1My friends, we should not all try to become teachers. In fact, teachers will be judged more strictly than others. 2 All of us do many wrong things. But if you can control your tongue, you are mature and able to control your whole body.
3By putting a bit into the mouth of a horse, we can turn the horse in different directions. 4It takes strong winds to move a large sailing ship, but the captain uses only a small rudder to make it go in any direction. 5Our tongues are small too, and yet they brag about big things.
It takes only a spark to start a forest fire! 6 The tongue is like a spark. It is an evil power that dirties the rest of the body and sets a person's entire life on fire with flames that come from hell itself. 7All kinds of animals, birds, reptiles, and sea creatures can be tamed and have been tamed. 8But our tongues get out of control. They are restless and evil, and always spreading deadly poison.
9-10 My dear friends, with our tongues we speak both praises and curses. We praise our Lord and Father, and we curse people who were created to be like God, and this isn't right. 11Can clean water and dirty water both flow from the same spring? 12Can a fig tree produce olives or a grapevine produce figs? Does fresh water come from a well full of salt water?
On Keats Island in British Columbia I was speaking to junior high schoolers at a camp. (My respect for junior high teachers grew exponentially after this experience.) However, I captured their attention by asking them to keep a secret with me. On Wednesday of that week, I had arranged to have a deadly weapon brought onto the island. They would be able to see it, touch it and ask questions about it.
A Canadian Armed Forces officer was in on it with me and agreed to help me pickup the “weapon” and carry it carefully into the camp in an ammunitions box. The teens gathered with expectancy as the box entered the room.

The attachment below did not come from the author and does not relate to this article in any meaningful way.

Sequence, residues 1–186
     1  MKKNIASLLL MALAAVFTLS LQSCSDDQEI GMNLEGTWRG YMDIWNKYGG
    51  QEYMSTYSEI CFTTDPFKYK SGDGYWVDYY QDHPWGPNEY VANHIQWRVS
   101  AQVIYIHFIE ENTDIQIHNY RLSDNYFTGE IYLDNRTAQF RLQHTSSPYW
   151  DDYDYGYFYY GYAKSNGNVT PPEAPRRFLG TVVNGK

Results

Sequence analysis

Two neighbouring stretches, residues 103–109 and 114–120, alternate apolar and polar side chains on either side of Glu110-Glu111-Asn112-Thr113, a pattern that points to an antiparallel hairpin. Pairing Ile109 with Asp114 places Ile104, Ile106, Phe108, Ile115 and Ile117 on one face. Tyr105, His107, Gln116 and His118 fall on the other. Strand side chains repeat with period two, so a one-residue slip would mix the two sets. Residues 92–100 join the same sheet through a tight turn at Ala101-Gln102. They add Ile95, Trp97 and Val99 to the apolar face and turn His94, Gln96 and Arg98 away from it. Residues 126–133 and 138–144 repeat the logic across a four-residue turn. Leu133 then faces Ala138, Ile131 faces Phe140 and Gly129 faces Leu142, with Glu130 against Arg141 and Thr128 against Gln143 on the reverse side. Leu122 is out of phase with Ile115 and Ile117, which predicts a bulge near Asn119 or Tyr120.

Now what they did not know is that I had arranged with the butcher in Gibsons, British Columbia, to give me a cow’s tongue. It was huge and heavy. You should have seen the youth respond to the tongue when I pulled it out. It was bloody and slimy, just perfect for junior highers!
With tongue in arms I recited this passage in James emphasizing we each have a choice about how we speak. I explained this weapon has been used to bring down the strongest men and women. Since everyone can relate to, and is perhaps guilty of, tongue misuse I had them share in small groups about a time when someone said something to them that really hurt or embarrassed them. Out of our mouths can come praises and curses.
James is giving hope to those who struggle in getting through a day without being critical, or swearing, or lying. Our tongues can be disciplined. In the same manner a bit is used to direct a horse, or a rudder is used to steer a sailboat onto the correct course – this relatively small part of our physical body can be, and has to be, directed. We can discipline ourselves in how we speak.
Jesus, as a step of discipline, may I not have a critical word come from my mouth this week. Nudge me if I fail. May I use my tongue to bestow blessings and praise on others.